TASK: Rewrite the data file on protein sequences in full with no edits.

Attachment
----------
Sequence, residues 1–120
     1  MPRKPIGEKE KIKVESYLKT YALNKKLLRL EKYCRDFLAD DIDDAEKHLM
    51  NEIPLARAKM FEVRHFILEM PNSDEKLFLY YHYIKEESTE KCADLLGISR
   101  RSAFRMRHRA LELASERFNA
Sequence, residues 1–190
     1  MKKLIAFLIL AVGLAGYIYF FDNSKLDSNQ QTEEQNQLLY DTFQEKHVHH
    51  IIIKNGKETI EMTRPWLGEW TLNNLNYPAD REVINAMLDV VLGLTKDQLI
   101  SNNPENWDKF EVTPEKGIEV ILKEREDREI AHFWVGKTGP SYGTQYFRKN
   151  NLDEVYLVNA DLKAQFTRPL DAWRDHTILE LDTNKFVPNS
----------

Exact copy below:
Sequence, residues 1–120
     1  MPRKPIGEKE KIKVESYLKT YALNKKLLRL EKYCRDFLAD DIDDAEKHLM
    51  NEIPLARAKM FEVRHFILEM PNSDEKLFLY YHYIKEESTE KCADLLGISR
   101  RSAFRMRHRA LELASERFNA
Sequence, residues 1–190
     1  MKKLIAFLIL AVGLAGYIYF FDNSKLDSNQ QTEEQNQLLY DTFQEKHVHH
    51  IIIKNGKETI EMTRPWLGEW TLNNLNYPAD REVINAMLDV VLGLTKDQLI
   101  SNNPENWDKF EVTPEKGIEV ILKEREDREI AHFWVGKTGP SYGTQYFRKN
   151  NLDEVYLVNA DLKAQFTRPL DAWRDHTILE LDTNKFVPNS